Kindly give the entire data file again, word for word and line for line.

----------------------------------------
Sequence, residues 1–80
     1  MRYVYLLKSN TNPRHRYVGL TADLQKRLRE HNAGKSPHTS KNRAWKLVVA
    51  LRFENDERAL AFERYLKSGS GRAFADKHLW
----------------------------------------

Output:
Sequence, residues 1–80
     1  MRYVYLLKSN TNPRHRYVGL TADLQKRLRE HNAGKSPHTS KNRAWKLVVA
    51  LRFENDERAL AFERYLKSGS GRAFADKHLW